Most notably was that Section 28 was repealed by MSP’s in the Scottish Parliament three years earlier than it was repealed in the rest of the UK. A key pledge from the Lib Dems in the run up to the 1999 election was the abolition of tuition fees, thus in 2001 the coalition government scrapped up-front university tuition fees, widening access for Scottish students of all backgrounds to study in higher education. In its place was a new graduate endowment, meaning students would pay back a portion of their fees after graduating when earning above a certain threshold. Scottish students became the only students in the UK who became able to study at university without the obstacle of tuition fees.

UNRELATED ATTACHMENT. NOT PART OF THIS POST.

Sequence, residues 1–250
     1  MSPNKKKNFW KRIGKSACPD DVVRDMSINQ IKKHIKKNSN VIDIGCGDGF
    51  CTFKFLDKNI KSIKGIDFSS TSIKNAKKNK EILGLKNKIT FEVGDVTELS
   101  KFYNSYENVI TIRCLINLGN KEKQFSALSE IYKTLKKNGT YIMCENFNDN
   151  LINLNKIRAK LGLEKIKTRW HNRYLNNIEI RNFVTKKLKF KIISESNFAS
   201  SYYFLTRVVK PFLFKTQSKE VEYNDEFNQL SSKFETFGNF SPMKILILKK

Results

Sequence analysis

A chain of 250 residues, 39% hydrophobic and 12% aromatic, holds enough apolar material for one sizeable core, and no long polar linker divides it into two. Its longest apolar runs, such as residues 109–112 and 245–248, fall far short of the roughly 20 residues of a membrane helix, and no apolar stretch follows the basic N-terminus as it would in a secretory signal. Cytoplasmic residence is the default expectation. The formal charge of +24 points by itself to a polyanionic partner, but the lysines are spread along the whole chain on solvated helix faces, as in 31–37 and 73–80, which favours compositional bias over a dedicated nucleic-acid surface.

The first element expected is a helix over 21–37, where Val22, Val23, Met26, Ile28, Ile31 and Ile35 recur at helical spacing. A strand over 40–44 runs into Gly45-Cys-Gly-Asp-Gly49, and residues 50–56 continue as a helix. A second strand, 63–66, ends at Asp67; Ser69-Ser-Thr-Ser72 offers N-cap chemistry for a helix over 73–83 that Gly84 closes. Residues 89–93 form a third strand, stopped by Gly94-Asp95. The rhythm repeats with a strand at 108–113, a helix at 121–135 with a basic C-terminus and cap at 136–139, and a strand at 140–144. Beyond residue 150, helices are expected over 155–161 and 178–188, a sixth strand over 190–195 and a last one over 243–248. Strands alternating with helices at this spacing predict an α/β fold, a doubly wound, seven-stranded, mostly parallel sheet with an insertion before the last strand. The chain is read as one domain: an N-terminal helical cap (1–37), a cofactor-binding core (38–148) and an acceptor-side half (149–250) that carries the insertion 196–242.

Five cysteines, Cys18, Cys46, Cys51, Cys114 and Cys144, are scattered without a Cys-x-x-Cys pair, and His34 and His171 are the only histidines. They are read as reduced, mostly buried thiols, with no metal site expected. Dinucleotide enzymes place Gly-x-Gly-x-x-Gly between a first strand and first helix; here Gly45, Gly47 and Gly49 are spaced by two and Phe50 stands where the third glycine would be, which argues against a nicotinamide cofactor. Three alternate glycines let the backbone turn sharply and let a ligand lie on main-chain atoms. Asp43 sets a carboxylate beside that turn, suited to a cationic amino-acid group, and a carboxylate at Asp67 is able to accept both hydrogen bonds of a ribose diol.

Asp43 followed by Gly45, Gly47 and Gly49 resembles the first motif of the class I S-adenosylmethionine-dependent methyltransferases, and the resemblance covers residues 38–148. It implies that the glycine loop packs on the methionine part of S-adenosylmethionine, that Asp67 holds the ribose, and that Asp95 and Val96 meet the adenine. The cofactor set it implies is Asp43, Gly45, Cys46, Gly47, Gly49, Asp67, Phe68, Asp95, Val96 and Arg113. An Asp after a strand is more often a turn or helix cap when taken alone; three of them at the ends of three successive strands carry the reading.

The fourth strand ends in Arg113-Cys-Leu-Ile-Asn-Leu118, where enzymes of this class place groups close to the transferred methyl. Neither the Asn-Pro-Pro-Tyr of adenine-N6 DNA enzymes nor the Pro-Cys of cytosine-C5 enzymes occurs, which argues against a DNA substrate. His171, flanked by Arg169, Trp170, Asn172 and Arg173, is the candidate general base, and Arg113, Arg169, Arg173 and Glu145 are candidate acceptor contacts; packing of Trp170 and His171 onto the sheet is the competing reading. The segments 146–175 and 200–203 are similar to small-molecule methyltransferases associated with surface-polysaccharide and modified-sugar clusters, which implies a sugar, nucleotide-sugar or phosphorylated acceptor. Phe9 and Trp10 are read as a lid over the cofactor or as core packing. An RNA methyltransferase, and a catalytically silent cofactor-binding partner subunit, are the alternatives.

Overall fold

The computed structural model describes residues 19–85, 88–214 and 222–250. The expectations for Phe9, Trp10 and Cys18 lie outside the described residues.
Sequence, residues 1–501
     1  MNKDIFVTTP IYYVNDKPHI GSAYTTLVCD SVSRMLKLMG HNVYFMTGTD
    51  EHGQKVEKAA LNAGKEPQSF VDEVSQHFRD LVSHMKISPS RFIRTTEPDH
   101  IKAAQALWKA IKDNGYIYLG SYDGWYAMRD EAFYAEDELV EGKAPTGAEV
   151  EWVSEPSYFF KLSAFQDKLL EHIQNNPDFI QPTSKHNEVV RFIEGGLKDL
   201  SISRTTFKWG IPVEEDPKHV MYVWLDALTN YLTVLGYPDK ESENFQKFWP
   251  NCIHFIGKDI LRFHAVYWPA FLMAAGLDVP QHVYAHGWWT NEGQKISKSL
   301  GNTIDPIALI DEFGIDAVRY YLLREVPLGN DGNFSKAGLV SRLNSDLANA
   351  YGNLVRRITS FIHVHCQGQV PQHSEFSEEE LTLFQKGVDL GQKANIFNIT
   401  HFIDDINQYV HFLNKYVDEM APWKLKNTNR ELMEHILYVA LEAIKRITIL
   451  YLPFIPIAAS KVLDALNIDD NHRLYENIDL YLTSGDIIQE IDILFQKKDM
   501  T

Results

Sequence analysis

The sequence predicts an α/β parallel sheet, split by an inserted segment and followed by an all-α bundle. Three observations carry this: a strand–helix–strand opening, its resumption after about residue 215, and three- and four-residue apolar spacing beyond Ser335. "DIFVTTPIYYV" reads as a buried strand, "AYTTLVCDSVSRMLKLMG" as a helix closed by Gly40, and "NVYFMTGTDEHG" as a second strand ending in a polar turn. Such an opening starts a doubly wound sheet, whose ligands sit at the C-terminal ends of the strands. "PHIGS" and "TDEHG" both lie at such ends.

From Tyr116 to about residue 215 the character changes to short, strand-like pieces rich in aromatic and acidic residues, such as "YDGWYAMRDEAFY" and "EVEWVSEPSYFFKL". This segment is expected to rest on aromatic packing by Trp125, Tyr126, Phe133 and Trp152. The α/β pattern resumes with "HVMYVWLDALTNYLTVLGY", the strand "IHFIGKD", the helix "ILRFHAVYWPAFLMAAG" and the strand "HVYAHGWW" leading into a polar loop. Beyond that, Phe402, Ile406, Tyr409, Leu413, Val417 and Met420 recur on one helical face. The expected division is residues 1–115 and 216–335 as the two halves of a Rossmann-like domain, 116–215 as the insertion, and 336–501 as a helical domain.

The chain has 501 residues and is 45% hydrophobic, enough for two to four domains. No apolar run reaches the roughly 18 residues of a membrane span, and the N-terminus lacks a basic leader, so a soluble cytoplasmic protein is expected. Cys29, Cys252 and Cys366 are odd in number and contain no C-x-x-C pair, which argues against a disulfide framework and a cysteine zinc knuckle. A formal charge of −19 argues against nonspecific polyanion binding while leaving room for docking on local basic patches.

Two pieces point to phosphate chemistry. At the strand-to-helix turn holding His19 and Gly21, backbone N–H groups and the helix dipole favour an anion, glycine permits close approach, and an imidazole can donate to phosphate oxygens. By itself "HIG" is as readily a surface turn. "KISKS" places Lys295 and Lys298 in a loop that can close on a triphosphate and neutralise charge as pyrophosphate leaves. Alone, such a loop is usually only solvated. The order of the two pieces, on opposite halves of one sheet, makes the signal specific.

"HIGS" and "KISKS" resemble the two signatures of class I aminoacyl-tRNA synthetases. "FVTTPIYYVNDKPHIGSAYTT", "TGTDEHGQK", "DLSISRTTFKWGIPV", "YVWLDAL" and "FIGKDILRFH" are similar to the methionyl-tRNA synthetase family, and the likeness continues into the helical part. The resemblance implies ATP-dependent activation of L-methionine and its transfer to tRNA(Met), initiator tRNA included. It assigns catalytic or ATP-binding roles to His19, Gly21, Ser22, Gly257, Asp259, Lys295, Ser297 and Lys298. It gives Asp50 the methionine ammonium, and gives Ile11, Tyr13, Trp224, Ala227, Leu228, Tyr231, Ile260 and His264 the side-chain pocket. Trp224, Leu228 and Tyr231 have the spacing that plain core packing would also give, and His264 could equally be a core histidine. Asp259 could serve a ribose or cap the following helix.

The second election to the Parliament took place in 2003 which saw no change to the overall control of the Scottish Executive. In 2005, the Parliament passed the Smoking, Health and Social Care (Scotland) Act which made it a statutory offence to smoke in virtually all enclosed public spaces in Scotland. The Bill was introduced by Health Minster Andy Kerr, largely down to the campaigns of ASH Scotland (an independent charity which works to highlight the harms of tobacco & smoking) and was the first legislation of its kind to be passed in the United Kingdom. In April 2006, legislation came into force which would grant those over the age of sixty, and eligible disabled people, access to free-of-charge bus travel across Scotland.